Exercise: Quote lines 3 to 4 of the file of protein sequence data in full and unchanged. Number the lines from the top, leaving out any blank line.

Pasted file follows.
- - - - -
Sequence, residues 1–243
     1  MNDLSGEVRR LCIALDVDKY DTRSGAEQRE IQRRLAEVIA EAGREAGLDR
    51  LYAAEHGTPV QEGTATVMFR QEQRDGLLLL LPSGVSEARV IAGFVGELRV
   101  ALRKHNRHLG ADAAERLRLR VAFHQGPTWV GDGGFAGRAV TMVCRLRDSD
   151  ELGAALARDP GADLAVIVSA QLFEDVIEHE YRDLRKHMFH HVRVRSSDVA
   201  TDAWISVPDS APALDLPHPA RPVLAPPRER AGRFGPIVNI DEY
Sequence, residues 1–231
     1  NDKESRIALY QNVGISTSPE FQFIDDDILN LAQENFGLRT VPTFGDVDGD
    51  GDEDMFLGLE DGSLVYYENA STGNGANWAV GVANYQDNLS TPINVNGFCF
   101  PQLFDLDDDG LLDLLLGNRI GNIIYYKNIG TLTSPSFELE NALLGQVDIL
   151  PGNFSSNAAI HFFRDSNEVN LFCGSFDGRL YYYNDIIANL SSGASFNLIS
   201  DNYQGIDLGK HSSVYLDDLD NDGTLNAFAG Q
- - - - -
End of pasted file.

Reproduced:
    51  LYAAEHGTPV QEGTATVMFR QEQRDGLLLL LPSGVSEARV IAGFVGELRV
   101  ALRKHNRHLG ADAAERLRLR VAFHQGPTWV GDGGFAGRAV TMVCRLRDSD